Assumption: “Democratise our islands” says Nirmal Shah

The Seychelles island of Assumption(Source: SNA photo by J van de Crommenacker)

The Aldbara group including waters around Assumption island will be designated as protected areas by February 2019, under a process called the Seychelles Marine Spatial Plan (MSP) Initiative. Another area to also be protected is the Amirantes groups. The Aldabra Group and is being nominated for ‘Marine National Park’ and is described by the Marine Spatial Plan as a High Biodiversity Protection. (Source SNA). This area is now the target of bitter protests.

Following the recent signing of the agreement between the Seychelles and Indian governments to construct a naval base on Assumption Island, there have been protests and a public outcry citing the proximity of Assumption Island to the Aldabra Atoll, with concerns that this would have a negative impact on the biodiversity of the islands and restrict if not completely cut off access for Seychellois.

Dr Nirmal Shah, fresh out of hectic and difficult negotiations spanning the weekend and the whole of last week on behalf of the government on the subject of tuna allocations and the future of the Indian Ocean Tuna Commission, has come out to explain his position.

“I have in in the last week or so received numerous communications from individuals and civil society members both locally as well as from overseas requesting comment on the naval base that is allegedly to be constructed on Assumption Island,” he said. “The issue that many have with Assumption is, to me, simply a symptom of a larger problem I have been trying to get people to pay attention to for many years. This is the conservation of and access to islands that are not part of the inner granitic islands. Unfortunately, I have been either ignored or attempts have been made to shut me up.”

“Regarding the supposed construction of a military base on Assumption and the impact this would have, I don’t have enough data and information to form any opinion on the nature of the environmental impact, if any. There’s a lot of sound and fury out there but the organisations that should be deeply concerned are keeping mum,” he said. “The Ministry of Environment, Energy and Climate Change is the legal watchdog for environmental protection in the country as well as the custodian and driver of the Marine Spatial Plan – I don’t understand why it has still not made a detailed statement including whether an Environmental and Social Impact Assessment should be undertaken.”

 Map of proposed designation of the Aldabra group (source:

“We would need to hear from The Island Development Corporation (IDC) who manage Assumption and the Island Conservation Society (ICS) to whom the conservation of Assumption and other outer islands has been delegated. It is also absolutely imperative to know what the Seychelles Island Foundation (SIF) - the legal management authority for Aldabra – has to say about potential impacts, if any, and mitigating measures it would put in place if necessary for Aldabra,” Shah explained.

“Other organisations that fund these projects or handle donor funding need to be queried. The UNDP has a substantive presence in Seychelles, executing donor-funded grants mostly for the environment. Millions have been given to outer islands, Aldabra and to other related projects. What does UNDP have to say? I presume that, as a UN organisation, part of the UNDP’s mission is to promote and facilitate transparency, good governance and participatory processes,” he added.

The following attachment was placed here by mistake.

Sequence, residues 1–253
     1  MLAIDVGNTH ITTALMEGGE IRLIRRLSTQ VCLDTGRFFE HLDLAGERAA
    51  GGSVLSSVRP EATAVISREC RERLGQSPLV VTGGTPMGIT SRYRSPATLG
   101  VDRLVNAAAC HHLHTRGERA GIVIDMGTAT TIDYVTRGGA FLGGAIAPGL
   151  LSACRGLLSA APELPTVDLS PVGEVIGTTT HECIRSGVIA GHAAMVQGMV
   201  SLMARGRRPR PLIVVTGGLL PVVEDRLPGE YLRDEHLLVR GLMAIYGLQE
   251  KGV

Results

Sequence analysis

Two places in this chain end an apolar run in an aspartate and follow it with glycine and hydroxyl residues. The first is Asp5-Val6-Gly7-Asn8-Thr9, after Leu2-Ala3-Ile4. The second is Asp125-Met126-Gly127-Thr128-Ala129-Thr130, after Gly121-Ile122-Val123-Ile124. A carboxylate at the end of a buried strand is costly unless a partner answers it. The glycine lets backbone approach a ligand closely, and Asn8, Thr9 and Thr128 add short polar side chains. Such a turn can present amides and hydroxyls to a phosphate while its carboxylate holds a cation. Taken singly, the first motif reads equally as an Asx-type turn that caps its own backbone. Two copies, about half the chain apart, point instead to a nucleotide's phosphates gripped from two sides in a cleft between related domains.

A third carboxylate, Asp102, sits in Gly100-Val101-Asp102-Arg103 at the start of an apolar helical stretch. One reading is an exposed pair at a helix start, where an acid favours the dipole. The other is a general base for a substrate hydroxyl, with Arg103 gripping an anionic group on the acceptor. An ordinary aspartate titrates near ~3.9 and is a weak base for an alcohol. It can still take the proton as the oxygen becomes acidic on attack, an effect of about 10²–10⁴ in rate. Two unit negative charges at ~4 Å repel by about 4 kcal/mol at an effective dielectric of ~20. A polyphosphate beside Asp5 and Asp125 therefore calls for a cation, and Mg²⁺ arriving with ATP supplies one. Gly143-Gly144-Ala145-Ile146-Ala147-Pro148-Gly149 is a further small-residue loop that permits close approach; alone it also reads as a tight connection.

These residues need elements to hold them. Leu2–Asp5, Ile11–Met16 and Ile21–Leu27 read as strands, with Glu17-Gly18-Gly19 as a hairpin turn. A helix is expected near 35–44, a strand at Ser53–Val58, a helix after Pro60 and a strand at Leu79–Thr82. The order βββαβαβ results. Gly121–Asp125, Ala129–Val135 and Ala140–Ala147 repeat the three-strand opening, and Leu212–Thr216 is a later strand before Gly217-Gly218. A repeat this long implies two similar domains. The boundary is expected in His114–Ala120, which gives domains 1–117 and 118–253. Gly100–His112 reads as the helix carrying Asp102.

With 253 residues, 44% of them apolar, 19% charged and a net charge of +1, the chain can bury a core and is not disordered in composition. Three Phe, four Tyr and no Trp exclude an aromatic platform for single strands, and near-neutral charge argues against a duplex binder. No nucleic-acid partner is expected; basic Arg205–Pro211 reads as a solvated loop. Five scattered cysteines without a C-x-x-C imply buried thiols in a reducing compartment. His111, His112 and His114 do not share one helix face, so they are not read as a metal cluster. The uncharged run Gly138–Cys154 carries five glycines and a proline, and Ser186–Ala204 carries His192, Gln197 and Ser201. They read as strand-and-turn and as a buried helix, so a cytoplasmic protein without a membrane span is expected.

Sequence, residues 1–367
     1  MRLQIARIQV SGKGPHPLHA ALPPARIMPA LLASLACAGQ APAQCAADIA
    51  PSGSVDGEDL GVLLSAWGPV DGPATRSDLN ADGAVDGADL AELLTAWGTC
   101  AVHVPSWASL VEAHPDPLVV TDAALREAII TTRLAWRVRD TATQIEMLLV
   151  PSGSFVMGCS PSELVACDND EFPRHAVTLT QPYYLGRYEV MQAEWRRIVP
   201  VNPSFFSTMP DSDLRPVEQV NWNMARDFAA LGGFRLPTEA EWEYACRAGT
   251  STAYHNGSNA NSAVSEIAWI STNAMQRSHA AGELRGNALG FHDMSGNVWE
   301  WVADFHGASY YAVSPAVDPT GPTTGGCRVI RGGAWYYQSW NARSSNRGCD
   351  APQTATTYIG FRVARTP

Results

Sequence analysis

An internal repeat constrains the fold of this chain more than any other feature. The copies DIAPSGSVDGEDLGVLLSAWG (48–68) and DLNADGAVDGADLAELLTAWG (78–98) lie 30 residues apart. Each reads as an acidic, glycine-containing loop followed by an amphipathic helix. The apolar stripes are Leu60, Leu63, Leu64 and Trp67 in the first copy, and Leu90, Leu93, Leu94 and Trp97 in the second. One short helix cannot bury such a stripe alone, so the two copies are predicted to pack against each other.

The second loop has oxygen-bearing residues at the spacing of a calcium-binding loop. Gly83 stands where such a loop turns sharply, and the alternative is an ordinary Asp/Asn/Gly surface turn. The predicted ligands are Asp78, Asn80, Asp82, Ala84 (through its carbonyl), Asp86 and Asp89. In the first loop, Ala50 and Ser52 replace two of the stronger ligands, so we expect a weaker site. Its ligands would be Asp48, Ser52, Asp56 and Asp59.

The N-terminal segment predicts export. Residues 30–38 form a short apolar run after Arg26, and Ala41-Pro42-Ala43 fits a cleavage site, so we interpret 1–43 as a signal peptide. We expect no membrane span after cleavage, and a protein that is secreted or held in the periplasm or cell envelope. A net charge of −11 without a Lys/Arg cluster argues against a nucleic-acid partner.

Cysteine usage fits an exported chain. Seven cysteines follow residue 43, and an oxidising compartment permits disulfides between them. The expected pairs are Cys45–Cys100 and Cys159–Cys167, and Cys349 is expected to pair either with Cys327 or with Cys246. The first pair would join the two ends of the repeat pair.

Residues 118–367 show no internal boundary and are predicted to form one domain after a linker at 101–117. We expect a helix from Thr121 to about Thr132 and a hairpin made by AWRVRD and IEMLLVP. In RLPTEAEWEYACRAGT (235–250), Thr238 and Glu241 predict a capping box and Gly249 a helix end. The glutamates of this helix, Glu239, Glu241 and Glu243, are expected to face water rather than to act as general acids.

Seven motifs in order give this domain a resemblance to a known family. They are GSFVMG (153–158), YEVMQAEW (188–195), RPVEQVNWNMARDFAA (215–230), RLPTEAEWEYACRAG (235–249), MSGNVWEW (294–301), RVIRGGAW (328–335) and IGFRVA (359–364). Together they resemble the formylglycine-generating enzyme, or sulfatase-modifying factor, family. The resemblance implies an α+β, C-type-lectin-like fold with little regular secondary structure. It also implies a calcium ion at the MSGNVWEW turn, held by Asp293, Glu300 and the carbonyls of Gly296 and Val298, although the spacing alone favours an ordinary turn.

Dr Shah points to the MSP and the government’s wish to designate the waters around the Aldabra group which includes Assumption as a marine national park and says, “I believe the MSP had listed the presence of a listening or radar post on Assumption, but the committee responsible for the MSP must get more details on any so-called military base, otherwise the credibility of the MSP is at stake.”

It is to be remembered that Dr. Shah is the only Seychellois environmentalist not to have taken part in the process of the MSP. His sudden walkout of the second national workshop was headlined on the front page of Today in Seychelles and covered in other newspapers and magazines as well as on social media. At the time he had said he was concerned that the MSP process, including conservation of islands, was not transparent and fully participatory. His concerns seem to have been justified.

“The organisation I work for -Nature Seychelles - has been the pioneer in island restoration. In this regard it has had huge success in working with private island owners such as those of Denis, Cousine, Fregate, Bird and Darros islands, but we have not been able to do work with the outer islands. I feel we must democratise the activity of conservation of our islands. While the protected areas and threatened species need to be protected and access managed, it makes sense, especially in a country suffering from serious human capacity constraints, that the government would want it to be open to others who have the knowledge and skills to do so, and that the donor funds destined for conservation of these islands are shared transparently and equitably,” he concluded.

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